The right degree for you to become an electrical engineer depends on the industry and company you apply for. Those looking for an entry positions will likely need an bachelor’s degree in electrical engineering. Those looking for a more junior level position may just need an associates or bachelors degree in electrical engineering technology. If you are looking to get into a competitive or advance position, then a master’s degree along with real world experience can help you stand out in the hiring process.
Begin your career path today by signing up for free information from one of our accredited schools below that offer programs to help get you started as a electrical engineer.
How Much Does an Electrical Engineer Make?
$89,630 (national median salary, to view salaries in your state click on the “Best Places to Work” tab)
Expected Growth from 2012-2020:
+12,600 additional people employed
(all information above provided by the 2012 BLS Electrical and Electronic Engineering page)
Electricians hold approximately 77,000 job positions throughout the United States.
The state of California leads the nation in employment for electrical engineers, with 23,030 currently working statewide, and earning an annual mean wage of $112,100. Texas is second in employment, where 13,700 electrical engineers work in a variety of occupations across the state, and earn an average yearly salary of $98,030.
Use our interactive map below to find out which areas of the United States are currently experiencing the greatest amount of growth and job availability for graduates looking for a career in Electrical Engineering. The associated information has been gathered from the Bureau of Labor statistics, representing data collected in 2012.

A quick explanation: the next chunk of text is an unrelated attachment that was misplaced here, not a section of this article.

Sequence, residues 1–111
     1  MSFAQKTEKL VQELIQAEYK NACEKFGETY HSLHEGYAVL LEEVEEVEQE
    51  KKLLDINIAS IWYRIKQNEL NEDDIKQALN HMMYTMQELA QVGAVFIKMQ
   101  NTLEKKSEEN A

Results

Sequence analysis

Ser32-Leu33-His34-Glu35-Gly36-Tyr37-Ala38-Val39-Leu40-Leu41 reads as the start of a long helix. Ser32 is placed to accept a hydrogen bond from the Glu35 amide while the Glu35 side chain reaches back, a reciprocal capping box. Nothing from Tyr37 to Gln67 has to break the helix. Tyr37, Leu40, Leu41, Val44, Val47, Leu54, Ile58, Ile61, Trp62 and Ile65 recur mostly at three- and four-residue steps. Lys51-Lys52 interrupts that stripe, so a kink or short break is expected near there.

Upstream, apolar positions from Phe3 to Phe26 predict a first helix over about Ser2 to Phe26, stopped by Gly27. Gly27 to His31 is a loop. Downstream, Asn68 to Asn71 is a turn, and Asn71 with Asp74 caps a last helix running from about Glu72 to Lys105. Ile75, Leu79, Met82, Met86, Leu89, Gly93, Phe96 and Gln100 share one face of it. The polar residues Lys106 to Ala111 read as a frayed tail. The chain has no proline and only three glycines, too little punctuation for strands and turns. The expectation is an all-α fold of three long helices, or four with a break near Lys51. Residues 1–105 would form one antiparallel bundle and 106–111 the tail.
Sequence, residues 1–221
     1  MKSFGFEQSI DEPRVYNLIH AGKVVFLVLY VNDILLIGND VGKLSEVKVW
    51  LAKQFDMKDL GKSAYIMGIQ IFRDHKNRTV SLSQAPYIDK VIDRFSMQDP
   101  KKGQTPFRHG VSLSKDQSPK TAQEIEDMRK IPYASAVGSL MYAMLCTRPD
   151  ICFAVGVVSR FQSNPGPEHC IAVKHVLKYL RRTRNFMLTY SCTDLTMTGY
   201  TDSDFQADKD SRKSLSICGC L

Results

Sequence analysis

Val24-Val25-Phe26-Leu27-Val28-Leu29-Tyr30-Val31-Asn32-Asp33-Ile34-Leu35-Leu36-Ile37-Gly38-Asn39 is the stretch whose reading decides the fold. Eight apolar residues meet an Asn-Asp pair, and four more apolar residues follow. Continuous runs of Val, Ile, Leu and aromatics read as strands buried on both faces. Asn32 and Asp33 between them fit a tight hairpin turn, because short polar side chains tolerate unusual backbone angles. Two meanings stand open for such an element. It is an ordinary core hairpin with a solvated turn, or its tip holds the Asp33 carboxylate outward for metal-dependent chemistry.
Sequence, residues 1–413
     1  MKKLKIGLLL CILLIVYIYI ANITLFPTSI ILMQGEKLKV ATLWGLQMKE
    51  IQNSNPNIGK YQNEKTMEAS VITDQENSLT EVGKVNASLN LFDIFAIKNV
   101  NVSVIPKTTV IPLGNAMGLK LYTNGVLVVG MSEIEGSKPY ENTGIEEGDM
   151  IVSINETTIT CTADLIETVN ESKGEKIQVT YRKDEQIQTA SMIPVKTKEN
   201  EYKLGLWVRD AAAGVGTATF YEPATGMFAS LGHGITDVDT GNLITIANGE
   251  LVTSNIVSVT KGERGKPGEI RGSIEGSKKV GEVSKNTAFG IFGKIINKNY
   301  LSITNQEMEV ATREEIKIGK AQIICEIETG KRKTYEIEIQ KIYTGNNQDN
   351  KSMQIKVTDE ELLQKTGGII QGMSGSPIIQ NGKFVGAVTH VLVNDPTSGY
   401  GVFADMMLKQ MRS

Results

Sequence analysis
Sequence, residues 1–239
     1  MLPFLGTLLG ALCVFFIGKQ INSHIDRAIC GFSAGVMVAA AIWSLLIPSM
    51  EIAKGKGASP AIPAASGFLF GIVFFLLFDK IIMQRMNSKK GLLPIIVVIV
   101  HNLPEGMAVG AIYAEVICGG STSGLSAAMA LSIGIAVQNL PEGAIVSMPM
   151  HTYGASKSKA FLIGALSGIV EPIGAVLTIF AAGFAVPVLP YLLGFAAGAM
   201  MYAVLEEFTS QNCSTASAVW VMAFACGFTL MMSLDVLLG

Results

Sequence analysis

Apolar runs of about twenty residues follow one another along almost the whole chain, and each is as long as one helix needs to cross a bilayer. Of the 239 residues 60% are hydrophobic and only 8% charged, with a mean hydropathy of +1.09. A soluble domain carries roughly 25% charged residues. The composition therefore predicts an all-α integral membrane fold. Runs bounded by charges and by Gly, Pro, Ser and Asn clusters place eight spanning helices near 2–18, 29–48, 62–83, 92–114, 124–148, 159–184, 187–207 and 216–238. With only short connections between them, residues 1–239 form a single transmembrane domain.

The need for qualified electricians is predicted to grow 23% from by 2020, according to the U.S. Bureau of Labor Statistics. As new technologies and alternative powers such as solar and wind continue to emerge as viable options to global energy concerns, electricians and other electric technicians will be needed to harness these energy sources into practical working applications.
That means that there is plenty of room in the future for forward thinking electricians. Also, traditional power grids aren’t disappearing right away and electricians will continue to be called up to supply expertise and services to the private and home markets. Also there is big bucks in the electricity business with the top 10% earning more than $80,890. The median annual wage of electrician professionals is $48,250, according to the U.S. Bureau of Labor Statistics.
The vast majority electricians embark on a four-year apprenticeship that is supplemented with class hours. According to the U.S. Bureau of Labor Statistics, apprentices must complete at least 144 hours of technical training and 2,000 hours of paid, on-the-job training.
Course studies in Electrical Programs are is designed to prepare future electricians for work in both residential and commercial construction, as well as remodeling and renovation.
Certificate Programs are generally about one year. Make sure the school is accredited by industrial technology standards established by the National Electrical Code. Reputable programs offer students internships and apprentice training upon graduation.
Associate’s in Applied Science in Industrial Electrical Technology
An associate’s degree in industrial electrical technology prepares students to work as electrical technicians in commercial building, industrial structures and residential housing. Courses include hands on training with design, development, installation, testing and problem solving of electrical systems and equipment.